My next mistake came a couple of levels later, looking down at As-Ts in early position, I decided to limp and see a Tc-Ah-Qh multiway Flop. Everyone checked and Chicken Joe bet 700, which was check-raised to 1,600 by Z Mirza who'd limped in early position too. I dwelt up for ages before calling, believing Joe was going to sense danger and step out the way whilst also giving me position on Mirza to see what he did on the Turn. Hands I was worried about were K-J and A-Q (he would have raised a set up pre-flop), yet he could still have A-J or below (Joe is a loose player) or even the draw.

Anyhow, a raggy heart came on the Turn, and after Mirza checked nervously, I decided to represent the flush to either stop him rivering another heart if I had him beat or get him off the straight or two pair. So, I popped out 2.5k, but he quickly called and we saw a blank River. At this point I knew that (1) I'd made a mistake in betting the Turn and (2) that he had me beat, most likely with the straight, and probably holding a heart.

If a heart had hit the River, then I would have grabbed my balls and pushed in either hoping he didn't have a heart, or that he'd fold the Jack. However, because it wasn't red, and although I contemplated an all-in, I decided against it and checked. He showed Kh-Jc and said he would have called, and I believe him. But I had 6k and was still in with a shot, which isn't bad considering that if there'd been some pre-flop action I might have done my whole stack.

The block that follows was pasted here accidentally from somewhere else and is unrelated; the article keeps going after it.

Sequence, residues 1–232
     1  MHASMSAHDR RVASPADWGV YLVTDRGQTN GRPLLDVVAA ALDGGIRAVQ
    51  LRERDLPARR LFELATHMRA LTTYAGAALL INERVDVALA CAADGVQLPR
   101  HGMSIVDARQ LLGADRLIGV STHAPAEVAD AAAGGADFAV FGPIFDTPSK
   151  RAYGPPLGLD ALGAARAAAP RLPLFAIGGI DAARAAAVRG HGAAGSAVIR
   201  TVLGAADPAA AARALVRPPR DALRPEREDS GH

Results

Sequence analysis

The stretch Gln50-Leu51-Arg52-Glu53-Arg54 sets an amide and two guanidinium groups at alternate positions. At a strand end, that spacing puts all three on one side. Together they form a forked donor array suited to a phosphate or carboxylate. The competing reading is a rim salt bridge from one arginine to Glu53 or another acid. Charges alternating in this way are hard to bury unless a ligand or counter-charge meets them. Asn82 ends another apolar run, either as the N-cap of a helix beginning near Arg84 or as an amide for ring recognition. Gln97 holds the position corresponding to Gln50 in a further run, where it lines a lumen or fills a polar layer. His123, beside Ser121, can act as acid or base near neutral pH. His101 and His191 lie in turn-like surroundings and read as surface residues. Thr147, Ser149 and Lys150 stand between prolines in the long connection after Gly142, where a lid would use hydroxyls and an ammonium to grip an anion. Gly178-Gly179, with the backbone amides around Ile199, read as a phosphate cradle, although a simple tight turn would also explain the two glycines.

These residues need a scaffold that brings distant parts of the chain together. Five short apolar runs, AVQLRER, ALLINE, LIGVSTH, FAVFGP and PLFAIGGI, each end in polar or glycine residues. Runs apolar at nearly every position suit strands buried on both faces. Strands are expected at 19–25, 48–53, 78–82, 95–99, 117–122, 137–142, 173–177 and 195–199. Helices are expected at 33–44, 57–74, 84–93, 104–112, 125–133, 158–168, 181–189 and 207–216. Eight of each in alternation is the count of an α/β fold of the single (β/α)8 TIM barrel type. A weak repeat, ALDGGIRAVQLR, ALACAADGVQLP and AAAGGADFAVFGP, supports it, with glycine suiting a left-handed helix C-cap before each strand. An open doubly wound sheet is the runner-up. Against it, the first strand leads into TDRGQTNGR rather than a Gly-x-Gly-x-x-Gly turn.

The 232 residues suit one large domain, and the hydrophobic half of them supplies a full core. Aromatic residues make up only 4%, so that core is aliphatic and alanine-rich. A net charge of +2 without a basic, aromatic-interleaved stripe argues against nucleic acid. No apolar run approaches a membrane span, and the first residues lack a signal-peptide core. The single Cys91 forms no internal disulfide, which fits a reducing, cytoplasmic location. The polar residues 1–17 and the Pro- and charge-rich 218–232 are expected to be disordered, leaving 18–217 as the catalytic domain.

On a sidenote, I was made to show my hand here after trying to muck, which I hate. Apparently the rule here, which isn't applied consistently, is that all checked hands on the River have to be shown. Not only is this time-consuming, annoying and unnecessary, but it gives away a lot of information in a game that should be about deception. Paul Jackson detested this rule too, and claimed that if people wanted to collude, then they could just muck their hand before being asked to reveal and there'd be nothing the dealers could do.

Apart from those hands, I didn't really hit much, and spent most of the time ducking and diving (even getting back up to 9k at one point) before cold cards allowed the 'cost of poker' to demolish me. With the blinds at 300/600 and about to rise, I saw one Ace and pushed my 4.5k in from latish position after remaining frustratingly patient through a seemingly endless sea of 8-3, T-2, Q-4, etc.

Of course, poker is all about timing (aka luck), and I ended up running into A-K and Kings behind me. Luckily, the A-K was pushed off the hand pre-flop, so I had a chance, but my outs didn't arrive and I was deservedly out of the door. Rob Reece was the chap that finished me off, and he seemed like a nice lad, even if he does look like Chris Moyles.

Bit gutted because I feel I spent £800 without gaining too much in the way of experience or enjoyment. Also, I didn't play particularly well and am begrudgingly sighing over a recent lack of cards and, more importantly, opportunities. I'm not playing amazingly, but solid enough and feel that I deserve the cards to run a bit better for me at those crucial times. Still, am remaining patient and looking forward to playing a couple of freezeouts at the Luton Christmas Cracker. Praying for a final table at the moment.

2 Comments:

At 1:17 PM, Blogger legiorgio said...

Hi,

Nice blog, I added it to this blog portal http://www.blogandpoker.com/sites-poker-references.php

 
At 6:51 PM, Blogger Ukgatsby said...

Excellent reading as ever
gl gl
Paul

 

Post a Comment

<< Home